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1. Well, it needed a shoe for that pegleg so I put it all back together with plenty of grease packed inside the nut and elbow & bolted it to the table so I could use it to grind the cuts in some angle iron.

2. The finished shoe. That's just what I named it, I have no idea what real blacksmiths call them.

3. And welded the shoe to the table leg. This thing has a very solid feel to it. The vise doesn't have the death grip that my Parker or the old Wilton does but for this situation it is plenty good.

4 & 5. A couple of shots after another coat of Permatex. It looks really nice out there and the old table is finally as useful as I intended it to be. Little things like the WhiteTrash project had kept me focused otherwhere so I am glad this is accomplished now. A few more coats of rust treatment over the summer should turn it nice & black like a good old vise should be.

By the way, markttu & I used it along with a torch & 24" Stillson wrench to straighten a bent tow bar for another guy a few days ago. It would have been a good bit more difficult without this vise.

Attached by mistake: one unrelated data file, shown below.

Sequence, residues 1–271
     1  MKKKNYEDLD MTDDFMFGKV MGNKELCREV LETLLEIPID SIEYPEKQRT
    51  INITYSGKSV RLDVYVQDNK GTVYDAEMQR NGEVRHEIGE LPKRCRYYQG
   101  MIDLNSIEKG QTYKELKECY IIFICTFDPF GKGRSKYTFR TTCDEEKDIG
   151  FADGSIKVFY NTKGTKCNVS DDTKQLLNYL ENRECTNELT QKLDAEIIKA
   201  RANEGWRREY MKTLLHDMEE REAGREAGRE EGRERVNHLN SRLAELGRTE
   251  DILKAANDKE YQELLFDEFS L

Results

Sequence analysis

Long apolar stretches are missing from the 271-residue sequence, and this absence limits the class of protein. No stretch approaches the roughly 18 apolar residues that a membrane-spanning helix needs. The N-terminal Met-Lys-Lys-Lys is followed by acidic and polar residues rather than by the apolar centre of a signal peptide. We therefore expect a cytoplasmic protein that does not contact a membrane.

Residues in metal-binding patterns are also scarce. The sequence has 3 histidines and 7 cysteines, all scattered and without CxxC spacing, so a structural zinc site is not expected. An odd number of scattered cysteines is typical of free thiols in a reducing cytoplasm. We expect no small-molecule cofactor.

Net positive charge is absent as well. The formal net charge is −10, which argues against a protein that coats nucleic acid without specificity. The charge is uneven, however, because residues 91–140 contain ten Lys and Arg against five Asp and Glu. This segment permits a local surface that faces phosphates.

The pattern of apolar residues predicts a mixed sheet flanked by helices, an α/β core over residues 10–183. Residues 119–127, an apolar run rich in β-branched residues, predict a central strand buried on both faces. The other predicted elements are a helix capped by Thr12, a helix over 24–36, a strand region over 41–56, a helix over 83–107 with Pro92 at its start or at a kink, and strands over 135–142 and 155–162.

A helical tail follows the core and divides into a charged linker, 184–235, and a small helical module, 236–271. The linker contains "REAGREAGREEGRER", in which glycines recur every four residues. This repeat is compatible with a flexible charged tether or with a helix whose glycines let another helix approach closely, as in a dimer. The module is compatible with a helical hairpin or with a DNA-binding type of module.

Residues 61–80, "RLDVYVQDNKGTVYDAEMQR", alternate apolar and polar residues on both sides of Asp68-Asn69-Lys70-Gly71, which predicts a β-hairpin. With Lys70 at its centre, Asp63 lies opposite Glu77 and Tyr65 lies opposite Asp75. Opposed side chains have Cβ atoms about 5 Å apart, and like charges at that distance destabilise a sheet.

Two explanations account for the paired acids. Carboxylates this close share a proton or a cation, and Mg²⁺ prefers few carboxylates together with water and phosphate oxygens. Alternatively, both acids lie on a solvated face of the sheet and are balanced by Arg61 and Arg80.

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Old 07-19-2007, 11:36 AM
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Thanks for thoughtfulness cutter. I still haven't gotten it apart for further eval. I removed the bolt from the lower pivot point only to find the jaws are not apart enough for me to rotate one side around so that I may poke the end out the cup for a better look. I tried ,as Defective recommended,to use a pipe wrench and hold the end cup still while turning the handle but this didn't work. I still am unable to determine what actually causes the vise to screw together. If the cup is keyed to the shaft and is not suppose to turn seperate, what actually threads the rod in?
I perhaps can get better pictures this afternoon when I get to the shop.
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Old 07-19-2007, 12:52 PM
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Here is a thought
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  #6  
Old 07-19-2007, 01:11 PM
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Well Tommy, your threads are obviously rusted together. Sounds like you either need to soak it in a bucket or diesel for year or so or you could de-rustify it with electrolysis - or both. I recommend the later first.

1. Here's a picture of what you can expect. If you really don't have anything better to do some weekend, you can read all about my adventures with electrolysis in Cutter's Vise. lol